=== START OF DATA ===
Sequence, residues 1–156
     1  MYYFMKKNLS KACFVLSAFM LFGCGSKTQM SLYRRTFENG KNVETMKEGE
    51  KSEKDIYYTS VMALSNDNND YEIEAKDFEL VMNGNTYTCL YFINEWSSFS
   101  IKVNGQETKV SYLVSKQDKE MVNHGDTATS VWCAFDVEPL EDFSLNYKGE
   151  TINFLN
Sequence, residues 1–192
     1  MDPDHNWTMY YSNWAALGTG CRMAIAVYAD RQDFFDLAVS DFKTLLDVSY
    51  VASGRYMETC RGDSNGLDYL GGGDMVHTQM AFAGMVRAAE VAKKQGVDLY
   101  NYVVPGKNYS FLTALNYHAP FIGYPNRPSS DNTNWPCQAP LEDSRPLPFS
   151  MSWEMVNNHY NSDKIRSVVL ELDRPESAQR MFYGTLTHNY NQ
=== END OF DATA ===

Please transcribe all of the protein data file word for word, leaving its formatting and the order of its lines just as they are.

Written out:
Sequence, residues 1–156
     1  MYYFMKKNLS KACFVLSAFM LFGCGSKTQM SLYRRTFENG KNVETMKEGE
    51  KSEKDIYYTS VMALSNDNND YEIEAKDFEL VMNGNTYTCL YFINEWSSFS
   101  IKVNGQETKV SYLVSKQDKE MVNHGDTATS VWCAFDVEPL EDFSLNYKGE
   151  TINFLN
Sequence, residues 1–192
     1  MDPDHNWTMY YSNWAALGTG CRMAIAVYAD RQDFFDLAVS DFKTLLDVSY
    51  VASGRYMETC RGDSNGLDYL GGGDMVHTQM AFAGMVRAAE VAKKQGVDLY
   101  NYVVPGKNYS FLTALNYHAP FIGYPNRPSS DNTNWPCQAP LEDSRPLPFS
   151  MSWEMVNNHY NSDKIRSVVL ELDRPESAQR MFYGTLTHNY NQ